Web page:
I constantly am reminded of how my life has become less and less connected to the seasons in so many ways. As I sit in my air-conditioned home and drive from place to place in the air-conditioned car, eating what had once been considered “seasonal” foods at almost any time of year, I cannot but miss the seasonality of my youth.
The picture book I’ve chosen for today provides a perfect antidote and made me feel like a kid, immersed in nature once again.
Title: When Green Becomes Tomatoes
Written By: Julie Fogliano
Illustrated By: Julie Morstad
Publisher/date: Roaring Brook Press (Macmillan), 2016
Suitable for Ages: 5-10, but I’d say all ages
Themes/Topics: seasons, poetry, nature
from a snow-covered tree
one bird singing
each tweet poking
a tiny hole
through the edge of winter
and landing carefully
on the tip of spring
Brief Synopsis: A collection of nature poems divided by seasons
Links to Resources:
- Think of words or images that make you think of a particular season;
- Write a free-verse poem using the words or images that come to mind;
- Think of a color, animal, sound, etc. and then pair it to a season;
- Older children, or the entire family as a group, can keep a nature diary;
- Take a nature walk;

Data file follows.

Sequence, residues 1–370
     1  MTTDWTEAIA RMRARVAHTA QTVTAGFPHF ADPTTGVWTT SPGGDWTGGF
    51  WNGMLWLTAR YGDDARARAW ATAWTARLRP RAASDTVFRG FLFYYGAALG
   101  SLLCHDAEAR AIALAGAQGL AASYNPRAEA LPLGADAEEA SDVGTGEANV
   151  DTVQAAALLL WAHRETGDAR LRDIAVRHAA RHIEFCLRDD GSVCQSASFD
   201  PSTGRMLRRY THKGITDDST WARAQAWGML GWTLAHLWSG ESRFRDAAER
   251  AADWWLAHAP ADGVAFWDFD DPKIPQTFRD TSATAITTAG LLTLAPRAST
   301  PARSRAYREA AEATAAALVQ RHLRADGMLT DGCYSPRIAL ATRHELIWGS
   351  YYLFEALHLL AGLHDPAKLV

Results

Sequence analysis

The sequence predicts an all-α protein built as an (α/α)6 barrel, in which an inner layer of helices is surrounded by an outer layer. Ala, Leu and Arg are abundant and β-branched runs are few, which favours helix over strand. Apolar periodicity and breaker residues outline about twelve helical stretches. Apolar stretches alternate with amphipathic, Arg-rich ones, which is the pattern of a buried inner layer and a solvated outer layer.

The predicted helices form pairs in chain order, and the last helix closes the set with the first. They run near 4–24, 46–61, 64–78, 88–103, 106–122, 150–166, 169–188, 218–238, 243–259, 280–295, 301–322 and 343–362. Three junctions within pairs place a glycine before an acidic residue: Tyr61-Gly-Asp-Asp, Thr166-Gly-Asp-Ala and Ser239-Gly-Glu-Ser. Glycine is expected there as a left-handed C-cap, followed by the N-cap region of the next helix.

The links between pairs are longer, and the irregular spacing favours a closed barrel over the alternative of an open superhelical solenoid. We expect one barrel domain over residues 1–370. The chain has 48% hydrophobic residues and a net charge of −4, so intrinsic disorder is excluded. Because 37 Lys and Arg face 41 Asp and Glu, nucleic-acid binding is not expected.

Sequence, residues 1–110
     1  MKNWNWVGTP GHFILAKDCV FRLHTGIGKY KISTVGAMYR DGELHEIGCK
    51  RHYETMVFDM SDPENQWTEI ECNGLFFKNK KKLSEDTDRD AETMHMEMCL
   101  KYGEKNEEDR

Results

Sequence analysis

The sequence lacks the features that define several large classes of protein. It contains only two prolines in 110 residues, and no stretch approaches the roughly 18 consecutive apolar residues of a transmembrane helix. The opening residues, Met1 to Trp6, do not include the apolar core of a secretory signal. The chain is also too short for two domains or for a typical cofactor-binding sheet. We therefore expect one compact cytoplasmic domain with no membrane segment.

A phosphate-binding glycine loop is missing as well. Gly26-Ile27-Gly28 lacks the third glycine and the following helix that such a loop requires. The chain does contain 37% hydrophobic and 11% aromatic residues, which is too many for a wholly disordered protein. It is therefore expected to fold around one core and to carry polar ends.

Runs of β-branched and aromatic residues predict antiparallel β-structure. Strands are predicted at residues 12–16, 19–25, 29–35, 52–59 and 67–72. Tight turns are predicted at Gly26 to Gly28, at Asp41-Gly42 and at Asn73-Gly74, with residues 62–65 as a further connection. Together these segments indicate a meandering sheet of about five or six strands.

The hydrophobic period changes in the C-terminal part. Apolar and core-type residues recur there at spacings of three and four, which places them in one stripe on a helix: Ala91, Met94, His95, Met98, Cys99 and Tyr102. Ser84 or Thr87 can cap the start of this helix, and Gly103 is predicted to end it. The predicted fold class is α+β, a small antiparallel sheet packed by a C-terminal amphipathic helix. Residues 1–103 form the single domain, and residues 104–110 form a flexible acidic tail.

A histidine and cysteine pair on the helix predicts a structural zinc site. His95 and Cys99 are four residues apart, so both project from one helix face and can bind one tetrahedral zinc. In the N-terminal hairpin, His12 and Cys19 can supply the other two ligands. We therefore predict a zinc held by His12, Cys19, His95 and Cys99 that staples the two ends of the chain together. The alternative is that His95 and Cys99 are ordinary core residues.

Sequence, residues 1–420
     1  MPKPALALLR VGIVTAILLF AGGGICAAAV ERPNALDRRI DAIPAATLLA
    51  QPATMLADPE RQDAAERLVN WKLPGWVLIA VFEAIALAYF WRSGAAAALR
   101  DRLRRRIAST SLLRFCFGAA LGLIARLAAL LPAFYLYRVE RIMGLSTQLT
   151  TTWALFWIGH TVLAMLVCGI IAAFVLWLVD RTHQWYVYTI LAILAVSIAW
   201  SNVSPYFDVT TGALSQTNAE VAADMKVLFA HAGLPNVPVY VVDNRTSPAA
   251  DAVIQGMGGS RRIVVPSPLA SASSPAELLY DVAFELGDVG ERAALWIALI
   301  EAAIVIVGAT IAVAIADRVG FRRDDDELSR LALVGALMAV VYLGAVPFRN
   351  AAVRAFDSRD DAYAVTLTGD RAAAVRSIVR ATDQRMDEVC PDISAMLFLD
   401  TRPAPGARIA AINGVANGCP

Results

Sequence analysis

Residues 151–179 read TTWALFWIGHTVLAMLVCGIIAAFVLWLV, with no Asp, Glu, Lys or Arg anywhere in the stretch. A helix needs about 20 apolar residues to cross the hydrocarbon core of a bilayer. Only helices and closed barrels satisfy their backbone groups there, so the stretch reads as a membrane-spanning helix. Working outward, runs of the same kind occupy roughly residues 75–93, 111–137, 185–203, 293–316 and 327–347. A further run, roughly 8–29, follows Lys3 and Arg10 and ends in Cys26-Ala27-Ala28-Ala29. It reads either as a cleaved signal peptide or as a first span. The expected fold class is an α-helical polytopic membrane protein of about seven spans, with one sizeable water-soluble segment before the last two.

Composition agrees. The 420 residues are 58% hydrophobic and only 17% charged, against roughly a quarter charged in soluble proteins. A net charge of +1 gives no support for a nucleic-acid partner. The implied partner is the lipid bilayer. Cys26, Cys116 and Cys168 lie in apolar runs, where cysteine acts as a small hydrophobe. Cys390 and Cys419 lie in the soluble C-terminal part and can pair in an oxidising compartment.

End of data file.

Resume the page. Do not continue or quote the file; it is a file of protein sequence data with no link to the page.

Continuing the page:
- Plant a garden.
Why I Like this Book: This is a beautiful celebration of the seasons. Divided by date, as diary entries, Julie Fogliano’s lyrical poems take the reader and listener from one spring equinox to the next, beginning, and ending, with the image of one small bluebird poking from winter to spring.
The poems vary in length, but all evoke the sights, sounds, smells, touch and even tastes of the four seasons that children will readily recognize (at least those who live in a region with these four distinct seasons). They can be read separately or together, or grouped by season. Any way they are read, the imagery will leap off the pages: “sounds like slippers” (a house in winter), “snowy arms sagging” (an evergreen in winter), “a star…more flicker glow than blinding”, “a day that drips hot and thick like honey”, and many, many more.
Julie Morstad’s lovely illustrations complement the poems so well, and she includes many multicultural children – an added bonus.
This is a book to own and savor throughout the year. And for those who can’t wait to read the book to find out, when does green become tomatoes? You’ll know because “there will be sky/ and sun/ and possibly a cloud or two….”
This Perfect Picture Book entry is being added to Susanna Hill’s Perfect Picture Books list. Check out the other great picture books featured there!